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Wednesday, July 3, 2013

Poem Analysis Essay on To Earthward by Robert Frost

Poem Analysis Essay on To Earthward By Robert Frost
            The poem “To Earthward” by Robert Frost is a literary piece that talks about the different stages of love. In particular, it shows the concept of how love can evolve over time – from a blooming and vibrant love experienced by youth to a broken love that yearns for healing and relief from pain. The writer begins his piece with the lines “Love at the lips was touch/ as sweet as I could bear” (Frost 1). In this opening phrase, it is apparent how the author presents a type of youthful love as symbolized by a simple but sweet kiss. Frost employed words such as “lips” and “lover” to underline the art of kissing, its simplicity, and the joy it brings to young lovers. This is followed by a quatrain that reads “and once that seemed too much, I lived on air”. In this line, Frost paints a picture of the beauty and feeling of elatedness brought about by kissing. This was exemplified in the phrase, “I lived on air”, which portrays a kind of high or euphoria brought about by kissing the one you love. The entire stanza seem to show the experience of a youth and blossoming love as evident in the writer’s choice of words.

            The second stanza posts a question. What is interesting about this question is that it seems directed to the narrator himself. The lines: “That crossed me from sweet things, the flow of – was it musk from hidden grapevine springs, downhill at dusk?” (Frost 1). is a reminder of the sweet smell of honeysuckle and the dews that dropped from the flowers that were picked and given to the other person. These lines similarly show the youthfulness of the narrator and how a young love forays romance through the use of flowers.

            Unlike the first two stanzas, the third and fourth stanza, seem to take a dark turn. This is evident in his choice of words as well as in the phrases “swirl and ache” and “the petal of the rose it was stung”. Such phrases emphasized the pain experienced by the narrator. Alternately, he compares his experience during his youth with the pain he is feeling now which is expressed in the lines: “I craved string sweets, but those seemed strong when I was young” (Frost 1). The presence of a paradoxical phrase “the petal of the rose it was stung” also suggest how something so beautiful had turned into something that causes pain and heartaches. It is also apparent how these two stanzas have evolved from the youthful love in to an adult love that is now exposed to the painful reality.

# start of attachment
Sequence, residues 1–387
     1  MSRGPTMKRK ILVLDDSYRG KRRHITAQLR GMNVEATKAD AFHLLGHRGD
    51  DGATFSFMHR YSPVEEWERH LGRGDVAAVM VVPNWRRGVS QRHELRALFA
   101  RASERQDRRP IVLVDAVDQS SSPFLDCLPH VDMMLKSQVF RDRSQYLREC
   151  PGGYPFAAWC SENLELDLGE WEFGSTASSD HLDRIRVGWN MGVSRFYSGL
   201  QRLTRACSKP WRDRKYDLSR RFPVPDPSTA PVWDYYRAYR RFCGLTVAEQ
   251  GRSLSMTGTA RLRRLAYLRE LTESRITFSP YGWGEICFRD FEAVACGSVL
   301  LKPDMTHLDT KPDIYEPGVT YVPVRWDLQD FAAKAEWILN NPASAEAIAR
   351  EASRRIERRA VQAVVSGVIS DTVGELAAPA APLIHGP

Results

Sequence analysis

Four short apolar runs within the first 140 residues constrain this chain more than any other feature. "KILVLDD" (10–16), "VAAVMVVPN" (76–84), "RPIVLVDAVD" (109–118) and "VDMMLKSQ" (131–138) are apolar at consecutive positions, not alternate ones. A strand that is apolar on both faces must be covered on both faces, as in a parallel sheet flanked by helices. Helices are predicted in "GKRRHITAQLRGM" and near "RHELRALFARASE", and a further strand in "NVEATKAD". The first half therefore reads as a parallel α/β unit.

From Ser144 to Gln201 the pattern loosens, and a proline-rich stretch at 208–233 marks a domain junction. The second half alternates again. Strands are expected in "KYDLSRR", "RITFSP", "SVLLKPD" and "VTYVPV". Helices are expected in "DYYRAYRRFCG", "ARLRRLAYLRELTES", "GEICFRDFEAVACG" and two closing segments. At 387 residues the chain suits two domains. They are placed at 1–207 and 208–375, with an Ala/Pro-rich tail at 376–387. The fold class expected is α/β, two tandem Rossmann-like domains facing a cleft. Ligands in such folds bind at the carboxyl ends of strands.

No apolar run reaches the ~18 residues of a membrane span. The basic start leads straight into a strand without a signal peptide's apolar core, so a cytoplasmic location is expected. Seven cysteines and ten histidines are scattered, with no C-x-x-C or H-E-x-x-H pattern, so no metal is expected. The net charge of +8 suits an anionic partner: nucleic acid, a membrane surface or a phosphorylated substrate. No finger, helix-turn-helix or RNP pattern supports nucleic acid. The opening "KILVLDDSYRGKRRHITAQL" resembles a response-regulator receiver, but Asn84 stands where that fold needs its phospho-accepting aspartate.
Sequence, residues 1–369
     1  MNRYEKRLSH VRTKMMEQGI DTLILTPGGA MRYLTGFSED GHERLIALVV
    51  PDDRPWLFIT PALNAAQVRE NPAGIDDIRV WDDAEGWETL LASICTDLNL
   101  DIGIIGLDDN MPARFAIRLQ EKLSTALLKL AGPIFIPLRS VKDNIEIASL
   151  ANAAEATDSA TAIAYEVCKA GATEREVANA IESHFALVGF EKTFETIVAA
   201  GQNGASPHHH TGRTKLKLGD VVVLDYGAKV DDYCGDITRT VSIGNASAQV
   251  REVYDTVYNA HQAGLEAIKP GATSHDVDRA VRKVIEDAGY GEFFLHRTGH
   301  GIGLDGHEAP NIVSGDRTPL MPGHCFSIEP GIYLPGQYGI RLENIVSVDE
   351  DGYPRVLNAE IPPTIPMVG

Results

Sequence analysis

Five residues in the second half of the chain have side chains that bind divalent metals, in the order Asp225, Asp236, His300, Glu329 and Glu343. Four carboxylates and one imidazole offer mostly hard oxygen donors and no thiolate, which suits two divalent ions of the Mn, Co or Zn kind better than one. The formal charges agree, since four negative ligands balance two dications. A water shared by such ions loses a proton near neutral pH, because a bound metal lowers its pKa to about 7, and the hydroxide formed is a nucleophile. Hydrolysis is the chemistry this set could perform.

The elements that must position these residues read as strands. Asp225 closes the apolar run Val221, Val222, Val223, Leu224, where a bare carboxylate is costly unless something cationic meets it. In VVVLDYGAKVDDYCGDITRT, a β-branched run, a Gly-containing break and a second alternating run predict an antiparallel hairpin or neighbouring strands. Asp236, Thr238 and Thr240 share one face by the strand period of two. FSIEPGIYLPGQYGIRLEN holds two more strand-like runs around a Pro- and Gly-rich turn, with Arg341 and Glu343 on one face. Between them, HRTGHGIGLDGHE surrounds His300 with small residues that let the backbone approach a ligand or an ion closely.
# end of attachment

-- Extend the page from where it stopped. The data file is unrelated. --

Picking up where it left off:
The writer continues with his lament as he employs similarly sad phrases to emphasize the pain brought about by love. This is shown in the lines “Now no joy but lacks salt that is not dashed with pain and weariness and fault I crave the stain” (Frost 1). In here, the reader can feel the exhaustion and the pain of the narrator. In fact, the line signifies how love seems to create an everyday suffering and heartache. He continues with the lines: “Of tears, the after mark, of almost too much love, the sweet of bitter bark and burning clove” (Frost 1). Again, the narrator suggests his sad realization that loving too much seem to cause him extreme pain and sadness.

            In the last two stanzas, Frost has once again changed his tone. If the first two stanzas are about romantic love, and the third and fourth stanza is about a sharp, then the last two talks about realizations. In particular, the narrator seems to express that the youthful love and the bitter love that he experienced is too much for him to bear. As such, he expresses his desire to unshackle himself from the chains of love. This is best shown in the lines: “When stiff and sore and scarred I take away my hands. From learning on it hard in grass and sand” (Frost 1). Consequently, He yearns for a sense of freedom from the pain as exemplified in the lines: “I long for weight and strength to feel the earth as rough to all my length” (Frost 1).

Works Cited
Frost, Robert. 2013. To Earthward. Poems. Retrieved 4 July 2013 from

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